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Thread: Null Or ''

  1. #1
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    Unanswered: Null Or ''

    hi
    i have a table with about 500,000 record, i want to add a new field to table, & for this 500,000, this field is empty, from now new field will have value.
    i dont know which one is more optimized, set default value of new field to NULL, OR '' ?

  2. #2
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    use null
    rudy.ca | @rudydotca
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  3. #3
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    I also find it more helpful to use NULL just incase you need to utilise the COALESCE feature of SQL as it won't work with blank strings '' , unless you write something like :
    Code:
    COALESCE(
      CASE WHEN newfield = '' THEN NULL
      ELSE newfield
      END
    ,oldfield)
    If you didn't do something like the above then you will get '' instead of the oldfield value.

    If you use nulls you can do something a little easier and less prone to mistakes, happy in the knowledge you're going to get the intended result :
    Code:
    COALESCE(newfield,oldfield)
    I know which is easier

  4. #4
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    Here's an interesting link for you aschk

    And for my 2 cents - go with NULLs all the way! A NULL value takes up no memory, it's the absence of data! NULLs are unknowns - therefore it is correct to use NULLs where you don't know the value of an attribute
    George
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  5. #5
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    Nice one george, i've used IFNULL before and seen NULLIF, just never had a use for it. Now I do!
    Thanks

  6. #6
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    A NULL value takes up no memory, it's the absence of data!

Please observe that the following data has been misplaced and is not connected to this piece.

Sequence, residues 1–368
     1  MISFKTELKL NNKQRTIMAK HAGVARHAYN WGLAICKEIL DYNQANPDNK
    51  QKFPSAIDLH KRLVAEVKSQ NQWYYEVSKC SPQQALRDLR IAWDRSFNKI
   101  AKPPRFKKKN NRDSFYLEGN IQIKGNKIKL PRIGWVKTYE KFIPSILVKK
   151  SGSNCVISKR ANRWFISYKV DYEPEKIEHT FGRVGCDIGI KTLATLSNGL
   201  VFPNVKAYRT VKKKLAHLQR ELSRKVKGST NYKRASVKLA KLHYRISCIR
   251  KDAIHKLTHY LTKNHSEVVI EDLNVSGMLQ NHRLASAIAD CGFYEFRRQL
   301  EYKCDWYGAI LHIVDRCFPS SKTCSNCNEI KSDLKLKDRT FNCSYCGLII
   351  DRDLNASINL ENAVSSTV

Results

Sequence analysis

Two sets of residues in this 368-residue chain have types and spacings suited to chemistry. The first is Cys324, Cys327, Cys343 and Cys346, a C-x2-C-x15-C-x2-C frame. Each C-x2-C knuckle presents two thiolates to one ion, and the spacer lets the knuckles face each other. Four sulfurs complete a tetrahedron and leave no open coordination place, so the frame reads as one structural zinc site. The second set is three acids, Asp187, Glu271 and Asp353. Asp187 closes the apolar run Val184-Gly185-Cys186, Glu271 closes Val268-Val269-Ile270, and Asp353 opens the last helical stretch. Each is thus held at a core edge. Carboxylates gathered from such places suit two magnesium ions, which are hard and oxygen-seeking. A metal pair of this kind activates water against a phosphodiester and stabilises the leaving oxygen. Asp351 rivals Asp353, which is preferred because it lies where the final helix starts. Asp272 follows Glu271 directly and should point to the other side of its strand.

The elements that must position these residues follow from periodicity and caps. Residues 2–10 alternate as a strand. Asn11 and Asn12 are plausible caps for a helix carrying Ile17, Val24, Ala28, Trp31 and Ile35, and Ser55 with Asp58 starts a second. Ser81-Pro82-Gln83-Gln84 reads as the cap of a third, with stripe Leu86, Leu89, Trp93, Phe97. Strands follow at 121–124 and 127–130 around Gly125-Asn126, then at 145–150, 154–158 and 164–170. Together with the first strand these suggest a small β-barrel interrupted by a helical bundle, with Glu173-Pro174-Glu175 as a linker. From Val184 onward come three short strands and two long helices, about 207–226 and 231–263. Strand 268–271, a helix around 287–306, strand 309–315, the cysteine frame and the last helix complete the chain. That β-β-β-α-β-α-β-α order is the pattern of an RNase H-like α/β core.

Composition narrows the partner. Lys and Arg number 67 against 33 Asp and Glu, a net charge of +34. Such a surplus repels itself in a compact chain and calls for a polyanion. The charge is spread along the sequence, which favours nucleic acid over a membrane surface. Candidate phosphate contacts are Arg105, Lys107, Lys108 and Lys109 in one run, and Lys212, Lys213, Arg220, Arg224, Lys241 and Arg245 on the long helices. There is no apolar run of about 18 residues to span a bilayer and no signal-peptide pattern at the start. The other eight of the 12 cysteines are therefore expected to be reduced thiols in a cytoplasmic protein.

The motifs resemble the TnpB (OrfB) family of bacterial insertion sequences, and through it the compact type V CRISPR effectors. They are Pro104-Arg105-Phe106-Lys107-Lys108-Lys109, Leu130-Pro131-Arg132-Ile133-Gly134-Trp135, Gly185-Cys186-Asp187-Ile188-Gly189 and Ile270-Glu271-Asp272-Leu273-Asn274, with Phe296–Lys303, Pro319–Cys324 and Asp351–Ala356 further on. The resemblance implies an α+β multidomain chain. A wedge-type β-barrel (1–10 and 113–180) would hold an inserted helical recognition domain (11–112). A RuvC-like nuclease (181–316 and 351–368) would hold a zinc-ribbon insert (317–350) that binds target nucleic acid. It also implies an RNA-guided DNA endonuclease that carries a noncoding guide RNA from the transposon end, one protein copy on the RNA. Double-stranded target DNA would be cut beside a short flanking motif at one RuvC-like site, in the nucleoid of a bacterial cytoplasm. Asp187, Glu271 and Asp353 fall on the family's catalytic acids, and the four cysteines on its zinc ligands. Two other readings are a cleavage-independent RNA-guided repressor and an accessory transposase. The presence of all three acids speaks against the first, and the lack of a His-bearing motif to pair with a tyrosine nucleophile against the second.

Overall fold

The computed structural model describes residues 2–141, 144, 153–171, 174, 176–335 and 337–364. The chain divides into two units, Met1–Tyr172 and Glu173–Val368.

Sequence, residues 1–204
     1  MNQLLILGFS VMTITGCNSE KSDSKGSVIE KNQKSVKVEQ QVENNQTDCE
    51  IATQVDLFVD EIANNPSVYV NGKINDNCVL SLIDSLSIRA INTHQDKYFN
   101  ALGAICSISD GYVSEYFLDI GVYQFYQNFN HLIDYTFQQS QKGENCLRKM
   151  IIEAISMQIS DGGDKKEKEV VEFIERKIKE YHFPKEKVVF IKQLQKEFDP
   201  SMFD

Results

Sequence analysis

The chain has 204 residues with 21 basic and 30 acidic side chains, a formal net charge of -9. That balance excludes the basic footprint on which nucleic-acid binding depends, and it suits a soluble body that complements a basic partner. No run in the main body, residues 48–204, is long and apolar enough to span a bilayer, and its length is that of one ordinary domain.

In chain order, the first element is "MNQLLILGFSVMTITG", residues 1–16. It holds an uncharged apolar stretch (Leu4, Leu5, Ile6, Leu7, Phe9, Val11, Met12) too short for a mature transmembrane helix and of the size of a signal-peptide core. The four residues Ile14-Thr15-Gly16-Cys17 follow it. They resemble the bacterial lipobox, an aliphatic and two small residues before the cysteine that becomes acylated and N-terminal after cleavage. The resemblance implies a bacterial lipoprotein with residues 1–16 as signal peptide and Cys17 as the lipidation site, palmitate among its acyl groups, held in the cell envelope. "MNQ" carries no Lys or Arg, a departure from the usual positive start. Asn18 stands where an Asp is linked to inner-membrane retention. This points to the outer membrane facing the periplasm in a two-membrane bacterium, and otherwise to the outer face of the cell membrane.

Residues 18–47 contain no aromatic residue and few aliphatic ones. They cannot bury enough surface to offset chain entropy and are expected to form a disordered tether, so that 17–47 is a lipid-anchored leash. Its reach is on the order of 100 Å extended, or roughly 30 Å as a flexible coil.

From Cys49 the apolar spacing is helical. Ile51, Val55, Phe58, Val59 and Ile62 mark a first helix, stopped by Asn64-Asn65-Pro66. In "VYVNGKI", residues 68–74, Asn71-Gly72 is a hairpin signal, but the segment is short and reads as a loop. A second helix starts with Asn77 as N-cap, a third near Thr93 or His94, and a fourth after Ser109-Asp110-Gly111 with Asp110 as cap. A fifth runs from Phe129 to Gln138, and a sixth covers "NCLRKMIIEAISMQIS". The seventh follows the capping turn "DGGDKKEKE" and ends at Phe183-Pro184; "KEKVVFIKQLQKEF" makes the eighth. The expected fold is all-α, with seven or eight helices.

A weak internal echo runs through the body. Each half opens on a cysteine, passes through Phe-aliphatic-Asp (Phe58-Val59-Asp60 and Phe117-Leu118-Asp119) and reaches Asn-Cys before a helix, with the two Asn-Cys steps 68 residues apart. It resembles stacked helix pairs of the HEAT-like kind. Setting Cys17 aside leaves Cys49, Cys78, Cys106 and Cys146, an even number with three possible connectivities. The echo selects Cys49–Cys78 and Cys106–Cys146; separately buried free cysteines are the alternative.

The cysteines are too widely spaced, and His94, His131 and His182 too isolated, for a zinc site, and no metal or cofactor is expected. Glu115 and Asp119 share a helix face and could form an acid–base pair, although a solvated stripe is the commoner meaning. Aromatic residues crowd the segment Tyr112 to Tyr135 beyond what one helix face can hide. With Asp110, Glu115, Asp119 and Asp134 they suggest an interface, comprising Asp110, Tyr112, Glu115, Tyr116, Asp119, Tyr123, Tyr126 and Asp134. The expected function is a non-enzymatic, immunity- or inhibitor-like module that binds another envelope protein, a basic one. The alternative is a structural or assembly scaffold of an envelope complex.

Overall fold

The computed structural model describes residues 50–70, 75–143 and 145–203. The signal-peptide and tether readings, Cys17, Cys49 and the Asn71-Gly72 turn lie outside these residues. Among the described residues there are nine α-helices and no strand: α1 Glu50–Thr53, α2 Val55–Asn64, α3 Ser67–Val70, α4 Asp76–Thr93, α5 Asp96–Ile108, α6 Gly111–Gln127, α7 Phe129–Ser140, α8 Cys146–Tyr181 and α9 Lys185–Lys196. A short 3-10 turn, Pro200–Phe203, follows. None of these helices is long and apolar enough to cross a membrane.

According to the MySQL manual a tinyint takes 1 byte and can be any number from 0 to 255 or -127 to 128.

    A byte being 8 bits, you can only store 256 different values in it. But 0 to 255 or -127 to 128 is already 256 values. Add in NULL as an alternative, and you have 257. Therefore, a tinyint column must require an extra bit *somewhere*.

    NULLs are unknowns - therefore it is correct to use NULLs where you don't know the value of an attribute
    No, the correct thing isn't supported by SQL DBMSs. NULLs are fine in relational values, that is, results returned by a query. In practice, you should use them sparingly in your schema because they make queries unpredictable. The reason why follows...

    Base relational variables, tables in SQL-speak, should have predicates. The predicate is the logical statement that declares the semantics of the table. A list of employees, for example, might say "An employee with SSN (ssn), first name (fname), etc, works at this company." Each row of the table is a proposition, that is it corresponds to filling in the blanks.

    Put all the rows together and you have a logical statement.
    Without nulls, the logic is simple: every record in the table represents the true propositions and every record that *could* be in the table but isn't represents the false propositions. So if I know that an employee with SSN 123-45-6789 has the first name Bob, etc, I know that there is definitely *not* an employee with SSN 123-45-6789 with the name John.

    With nulls, you now have to contend with the notion of propositions that have the unknown truth value, but there are infinitely (strictly, a really huge finite number) many other unknown propositions that aren't listed. So now, what does the table mean? How can you reason based on it? The answer is that you can't. If you ask the database to count the number of employees whose name starts with A, it's going to happily return a number that might be wrong if someone's name is unknown. In other words, after all the work of designing that database, you now have something that spits out very official looking garbage.

  7. #7
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    Quote Originally Posted by sco08y
    A byte being 8 bits, you can only store 256 different values in it. But 0 to 255 or -127 to 128 is already 256 values. Add in NULL as an alternative, and you have 257. Therefore, a tinyint column must require an extra bit *somewhere*.
    A NULL is the absence of data... (0 bytes)
    George
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  8. #8
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    Quote Originally Posted by sco08y
    If you ask the database to count the number of employees whose name starts with A, it's going to happily return a number that might be wrong if someone's name is unknown.
    no

    this is always where the over-analyzing theorists fall on their faces

    the number of employees whose name starts with an A is correct, even if there is an employee whose name is NULL in the database

    the real WTF here is that the database professional did not insist that the employee name be declared NOT NULL

    a gun in the hands of a child can cause havoc, but it's not the child's fault

    use NULL wisely

    end of
    rudy.ca | @rudydotca
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